“But wait, there’s more,” he says with a smile. “You spend an awful lot of time trying to uncover and understand your existential place in this world. You think a lot about what this all means. You’re always picking apart your life and analyzing every aspect of living. Now, there’s no doubt in my mind that you do a lot of this pondering at night. And I know from listening to you talk over the last several years that you have a great deal of respect for your deep ponderings of existential purpose. Well, at some point you equated the search for existential purpose — which is a grand, all-encompassing thought process — with more mundane problems, like not being able to get enough sleep to pretend you give two shits about your job. And then you conflated the two. So now when you try to lie down and relax, you tense up, because subconsciously you’re trying to solve the mystery of life — an unsolvable conundrum by its very nature. It couldn’t be solved in a single night, even if you gave your most valiant effort. So now you’re lying there, and you already failed before you even began. But it’s not fair. You’re not being fair to yourself. There have been great philosophers before you who only scratched the surface about the nature of existence. And putting that on your shoulders night after night is wearing you down and keeping you up. Pardon my language, but you need to give yourself a fucking break.”
I sit in silence as a feeling of relief washes over me. It’s liberating when someone tells you there might be an end to your seemingly endless problems.
“Earlier you said you must hate yourself for keeping yourself up,” he continues. “And that’s true. You do hate yourself, but it’s for a really foolish reason. You don’t know the unknowable — big deal. No one does. And you’re a part of that. You are a part of the unknowing unknowable. It’s bigger than just you. So stop isolating yourself. Stop berating yourself for being isolated. And for the love of the universe, stop doing all of this when you’re just trying to get a good night’s sleep.”
I nod. Herb then instructs me to lie down on his couch and relax. At first I am hesitant; I don’t relax well. But since we have about a half hour left in the session, I put my head back and close my eyes.
“Take some deep breaths,” he continues. “Your first instinct will be to think that you’re not the kind of person who can relax. This isn’t true. Everyone can and everyone should relax. Second, you’re going to tell yourself that you don’t deserve sleep, or you couldn’t sleep even if you did deserve it. But that’s not true either. Third, you may just not be tired, but don’t dwell on that even if it’s true.”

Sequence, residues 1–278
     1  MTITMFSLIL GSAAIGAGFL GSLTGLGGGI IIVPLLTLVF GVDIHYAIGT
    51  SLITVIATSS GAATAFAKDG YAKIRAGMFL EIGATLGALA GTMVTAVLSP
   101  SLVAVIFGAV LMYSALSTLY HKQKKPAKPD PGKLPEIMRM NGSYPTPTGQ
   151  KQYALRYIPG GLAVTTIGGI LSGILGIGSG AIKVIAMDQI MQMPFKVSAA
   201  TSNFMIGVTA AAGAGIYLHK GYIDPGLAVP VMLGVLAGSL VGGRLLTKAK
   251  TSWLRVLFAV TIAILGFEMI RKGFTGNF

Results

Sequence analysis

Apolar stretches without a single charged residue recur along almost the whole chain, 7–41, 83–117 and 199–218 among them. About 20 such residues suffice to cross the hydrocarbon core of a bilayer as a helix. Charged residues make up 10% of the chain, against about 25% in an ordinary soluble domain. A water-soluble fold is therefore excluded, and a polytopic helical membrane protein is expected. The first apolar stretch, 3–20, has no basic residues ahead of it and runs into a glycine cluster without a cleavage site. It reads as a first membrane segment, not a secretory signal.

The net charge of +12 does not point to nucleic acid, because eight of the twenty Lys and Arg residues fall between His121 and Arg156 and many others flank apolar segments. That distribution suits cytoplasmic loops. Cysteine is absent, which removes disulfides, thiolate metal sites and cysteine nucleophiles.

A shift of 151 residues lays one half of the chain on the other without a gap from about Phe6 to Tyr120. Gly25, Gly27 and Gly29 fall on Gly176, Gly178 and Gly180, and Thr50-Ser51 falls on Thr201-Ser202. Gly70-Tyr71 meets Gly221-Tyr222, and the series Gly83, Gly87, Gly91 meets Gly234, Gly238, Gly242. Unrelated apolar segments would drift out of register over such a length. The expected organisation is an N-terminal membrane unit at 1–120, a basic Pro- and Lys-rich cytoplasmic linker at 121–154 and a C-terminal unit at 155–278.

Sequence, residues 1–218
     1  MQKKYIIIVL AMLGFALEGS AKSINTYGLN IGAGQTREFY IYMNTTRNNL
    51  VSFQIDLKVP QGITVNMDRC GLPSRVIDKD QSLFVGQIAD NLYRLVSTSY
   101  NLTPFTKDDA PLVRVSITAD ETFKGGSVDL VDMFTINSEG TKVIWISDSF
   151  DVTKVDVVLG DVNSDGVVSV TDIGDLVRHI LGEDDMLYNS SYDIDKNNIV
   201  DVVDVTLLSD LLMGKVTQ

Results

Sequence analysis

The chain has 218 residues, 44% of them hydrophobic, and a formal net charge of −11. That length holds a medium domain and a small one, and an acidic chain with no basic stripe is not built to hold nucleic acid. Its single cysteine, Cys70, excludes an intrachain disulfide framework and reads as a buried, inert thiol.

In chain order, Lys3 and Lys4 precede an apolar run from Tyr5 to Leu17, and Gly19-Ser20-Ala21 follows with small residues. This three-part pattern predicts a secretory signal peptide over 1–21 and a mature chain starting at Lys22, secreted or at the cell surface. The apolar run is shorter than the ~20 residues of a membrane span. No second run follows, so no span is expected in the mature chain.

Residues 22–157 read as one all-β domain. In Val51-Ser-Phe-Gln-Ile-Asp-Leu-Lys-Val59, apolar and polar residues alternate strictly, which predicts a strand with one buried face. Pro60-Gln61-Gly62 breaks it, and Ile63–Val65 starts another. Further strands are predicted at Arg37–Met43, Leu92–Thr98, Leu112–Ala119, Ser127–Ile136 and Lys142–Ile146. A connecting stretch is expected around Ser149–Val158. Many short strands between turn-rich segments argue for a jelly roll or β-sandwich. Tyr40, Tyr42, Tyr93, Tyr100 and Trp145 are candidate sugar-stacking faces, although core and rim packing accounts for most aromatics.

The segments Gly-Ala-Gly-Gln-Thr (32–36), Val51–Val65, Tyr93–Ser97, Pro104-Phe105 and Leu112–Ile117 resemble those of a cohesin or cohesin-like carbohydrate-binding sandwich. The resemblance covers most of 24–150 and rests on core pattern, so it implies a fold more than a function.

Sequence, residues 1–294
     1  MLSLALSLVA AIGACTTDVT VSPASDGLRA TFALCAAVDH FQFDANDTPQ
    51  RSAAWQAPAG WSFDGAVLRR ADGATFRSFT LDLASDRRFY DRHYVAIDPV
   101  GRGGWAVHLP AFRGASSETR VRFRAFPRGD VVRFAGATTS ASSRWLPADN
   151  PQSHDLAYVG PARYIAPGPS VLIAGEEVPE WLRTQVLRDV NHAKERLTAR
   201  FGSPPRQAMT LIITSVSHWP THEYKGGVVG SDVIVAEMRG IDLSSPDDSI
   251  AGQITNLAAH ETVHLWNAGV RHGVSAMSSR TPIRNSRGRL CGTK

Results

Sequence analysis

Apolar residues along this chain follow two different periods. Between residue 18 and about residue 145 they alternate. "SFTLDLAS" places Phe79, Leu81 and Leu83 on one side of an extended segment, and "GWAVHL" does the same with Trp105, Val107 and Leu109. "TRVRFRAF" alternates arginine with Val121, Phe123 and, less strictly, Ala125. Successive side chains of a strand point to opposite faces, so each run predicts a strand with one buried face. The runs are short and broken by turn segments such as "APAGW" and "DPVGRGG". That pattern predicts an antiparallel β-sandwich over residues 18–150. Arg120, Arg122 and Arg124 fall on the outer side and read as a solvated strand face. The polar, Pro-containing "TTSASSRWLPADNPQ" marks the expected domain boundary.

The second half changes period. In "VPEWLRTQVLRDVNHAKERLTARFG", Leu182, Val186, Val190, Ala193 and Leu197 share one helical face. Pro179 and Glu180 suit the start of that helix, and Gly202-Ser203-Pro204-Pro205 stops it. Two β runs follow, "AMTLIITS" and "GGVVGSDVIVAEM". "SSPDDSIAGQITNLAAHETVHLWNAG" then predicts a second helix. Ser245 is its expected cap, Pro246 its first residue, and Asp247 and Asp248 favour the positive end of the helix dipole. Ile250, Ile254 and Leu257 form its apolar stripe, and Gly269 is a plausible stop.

“Then what should I think about?”
He tells me to think about fond childhood memories, good times with friends and loved ones, the events in life that don’t make me hate everything. He probably keeps talking, but I end up falling asleep on his couch as I remember sledding with my friends in the old neighborhood.
When our time is up, he claps his hands once. “Times up,” he says.
For the first time in a long time, I don’t feel bad. I don’t really feel rested, but I’m not full of anxiety either. He asks me how I feel. “Okay,” I say, rubbing my eyes. “So I guess you’re not full of shit.”
He laughs. “Who knew?”
Brian Polk is a Denver-based writer, publisher of The Yellow Rake, and drummer for Joy Subtraction and Simulators. He’s the author of Placement of Character and Turning Failure into Ideology. He likes writing, muck raking, yellow journalism, zines not blogs, cheap booze and punk rock.
Mark Mothersbaugh is one of this era’s most unique and prolific composers. Deeply aware of the ability of precise, multi-faceted artistic expression to deliver vital social commentary, he has perpetually challenged and redefined musical and visual boundaries. Mothersbaugh co-founded influential rock group DEVO, and then parlayed his avant-garde musical background into a leading role in the world of scoring for filmed and animated entertainment, interactive media and commercials.
As an award winning composer, his credits include Moonrise Kingdom, 21 Jump Street, Cloudy with a Chance of Meatballs, Enlightened, Rushmore, The Royal Tenenbaums, The Life Aquatic, Pee Wee’s Playhouse, and the hugely successful Rugrats television, stage and film franchise.
Through his multimedia company, Mutato Muzika, Mark has scored hundreds of commercials. Mothersbaugh received the BMI Richard Kirk Award for Outstanding Career Achievement at the organization’s 2004 Film/TV Awards. He can currently be seen as the art teacher on the hit television series, Yo Gabba Gabba!
Siena Goldman aka S. Putnik lives in her birthplace, Los Angeles, where she has spent her lifetime so far experimenting with the visual and musical arts. She loves working with pencil, pastel, watercolor, crayon and collage to convey interesting textures, color palettes, and moods in her multi-media artwork. As a 25 year old, she has spent a lot of life in school, uncomfortably switching districts and trying to fit in. Now, she is just stepping out yet again, this time stuck in the squeeze of birth as a young artist.